Five places in England with Ukrainian history

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Five places in England with Ukrainian history

Five places in England with Ukrainian history

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At the end of World War II, approximately 11 million people were forced to leave their homes. Among them, more than two million Ukrainians, of which more than 20 thousand came to the UK. Ukrainians brought their culture there as well.


Here are a few places in England whose history is connected with our compatriots.


Ukrainian Catholic Cathedral in London


It was originally a Protestant church. In 1940, the building was damaged by a bomb, and only in 1953 the cathedral was restored. For several years it was a chapel for the US Navy, and in 1968 it was acquired by the Ukrainian Catholic community under the leadership of Bishop Augustine Gornyak.




The church has undergone certain internal changes, but its general structure has remained unchanged. On the wall at the northeast entrance, there is a carving of the Blessed Family, rescued from Safron-Gill Church, the first place of worship for the Ukrainian Catholic community.


Ukrainian cross in the village of Mylor Bridge


Ukrainian refugees lived in a hostel near this village. In gratitude for the shelter, the Ukrainians built a cross here, in 1948 Roman Catholic priests consecrated the cross and the chapel nearby.




In 2008, the cross was re-consecrated - in honor of the 60th anniversary. This ceremony was attended by some of the descendants of the then refugees who live here.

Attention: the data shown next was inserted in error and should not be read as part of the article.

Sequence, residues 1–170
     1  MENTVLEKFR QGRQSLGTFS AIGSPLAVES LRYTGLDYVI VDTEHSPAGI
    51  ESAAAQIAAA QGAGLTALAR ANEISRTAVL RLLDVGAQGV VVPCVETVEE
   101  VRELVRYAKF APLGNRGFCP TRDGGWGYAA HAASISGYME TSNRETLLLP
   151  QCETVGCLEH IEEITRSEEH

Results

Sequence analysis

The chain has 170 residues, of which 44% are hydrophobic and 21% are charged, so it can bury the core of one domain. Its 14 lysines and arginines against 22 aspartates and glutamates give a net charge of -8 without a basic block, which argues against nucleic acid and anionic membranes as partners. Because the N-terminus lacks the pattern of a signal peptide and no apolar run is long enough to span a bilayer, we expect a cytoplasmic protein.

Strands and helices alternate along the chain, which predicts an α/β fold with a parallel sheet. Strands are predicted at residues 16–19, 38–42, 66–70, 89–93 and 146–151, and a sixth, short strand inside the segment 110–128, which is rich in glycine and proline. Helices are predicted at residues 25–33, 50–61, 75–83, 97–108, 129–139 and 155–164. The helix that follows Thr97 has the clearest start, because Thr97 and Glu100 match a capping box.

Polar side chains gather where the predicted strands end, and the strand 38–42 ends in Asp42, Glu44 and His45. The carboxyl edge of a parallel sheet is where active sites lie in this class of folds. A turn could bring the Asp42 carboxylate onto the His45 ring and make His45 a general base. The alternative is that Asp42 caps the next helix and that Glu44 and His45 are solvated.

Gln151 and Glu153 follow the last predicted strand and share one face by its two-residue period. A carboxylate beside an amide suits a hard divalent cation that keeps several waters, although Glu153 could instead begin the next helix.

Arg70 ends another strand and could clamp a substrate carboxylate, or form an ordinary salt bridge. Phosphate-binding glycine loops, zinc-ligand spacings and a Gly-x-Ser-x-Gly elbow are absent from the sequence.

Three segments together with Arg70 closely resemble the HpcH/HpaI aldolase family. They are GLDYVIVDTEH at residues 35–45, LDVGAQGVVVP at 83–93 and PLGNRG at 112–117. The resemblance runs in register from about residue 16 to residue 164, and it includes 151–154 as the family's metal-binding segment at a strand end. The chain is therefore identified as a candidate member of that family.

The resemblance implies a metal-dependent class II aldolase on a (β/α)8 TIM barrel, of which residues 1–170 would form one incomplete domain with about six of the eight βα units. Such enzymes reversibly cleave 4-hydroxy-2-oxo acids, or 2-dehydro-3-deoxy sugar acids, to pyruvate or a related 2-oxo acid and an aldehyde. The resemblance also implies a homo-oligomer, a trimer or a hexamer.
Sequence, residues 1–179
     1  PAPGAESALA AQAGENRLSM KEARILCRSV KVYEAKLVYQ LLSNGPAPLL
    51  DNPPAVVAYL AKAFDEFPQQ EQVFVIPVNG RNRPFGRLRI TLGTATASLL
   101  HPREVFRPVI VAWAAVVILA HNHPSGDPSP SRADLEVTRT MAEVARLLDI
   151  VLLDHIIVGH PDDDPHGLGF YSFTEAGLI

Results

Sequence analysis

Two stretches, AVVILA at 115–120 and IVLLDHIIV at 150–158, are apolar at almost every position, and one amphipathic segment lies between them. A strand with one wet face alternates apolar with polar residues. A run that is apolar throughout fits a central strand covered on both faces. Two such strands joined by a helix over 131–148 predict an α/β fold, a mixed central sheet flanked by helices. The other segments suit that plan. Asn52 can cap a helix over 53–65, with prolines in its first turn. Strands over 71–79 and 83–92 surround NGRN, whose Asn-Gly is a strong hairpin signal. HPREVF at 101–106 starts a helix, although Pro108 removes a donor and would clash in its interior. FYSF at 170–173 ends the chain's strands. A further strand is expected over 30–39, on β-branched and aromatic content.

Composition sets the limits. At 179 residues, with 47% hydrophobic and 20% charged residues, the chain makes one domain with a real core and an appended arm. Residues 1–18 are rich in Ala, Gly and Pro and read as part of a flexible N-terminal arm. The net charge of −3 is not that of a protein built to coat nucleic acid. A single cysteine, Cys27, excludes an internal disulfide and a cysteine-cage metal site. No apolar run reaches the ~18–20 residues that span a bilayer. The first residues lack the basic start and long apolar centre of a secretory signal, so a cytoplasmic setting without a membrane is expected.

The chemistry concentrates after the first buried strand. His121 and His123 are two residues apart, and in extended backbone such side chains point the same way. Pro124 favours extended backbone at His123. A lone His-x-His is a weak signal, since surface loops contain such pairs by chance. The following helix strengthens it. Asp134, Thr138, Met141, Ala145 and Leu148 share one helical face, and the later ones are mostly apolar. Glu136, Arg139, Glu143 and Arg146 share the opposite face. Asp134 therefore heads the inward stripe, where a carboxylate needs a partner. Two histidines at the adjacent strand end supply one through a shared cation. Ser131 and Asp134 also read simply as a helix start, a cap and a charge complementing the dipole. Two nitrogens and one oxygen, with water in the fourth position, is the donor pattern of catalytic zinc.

Japanese garden in Chipping Norton


The modernist building was built here in 1964 by the architects Stout and Lichfield. They were supposed to create a garden nearby, but it was designed by a son of Ukrainian emigrants, artist Vyacheslav Atroshenko, who was born in Shanghai. He was not only an artist, but also a scientist in the field of construction and architecture.




St Mark's Church in Coventry


The church was built in the second half of the 19th century for the inhabitants of the city. In 1941, a bomb hit it and the church was rebuilt only in 1947. When Orthodox and Lutheran communities appeared in the city after the Second World War, services of the Ukrainian Autocephalous Orthodox Church were held here.




In 1973, the building of the temple was converted into a hospital department, but in 2006 the building was returned to the ownership of the church. Since 2017, periodic Christian services have been held here again.


Holy Trinity Church in Hampton


This is a typical village church emerging here in the 19th century directly from the Oxford Movement.. Above the main altar hangs a painted cross carved by Ukrainian prisoners of war.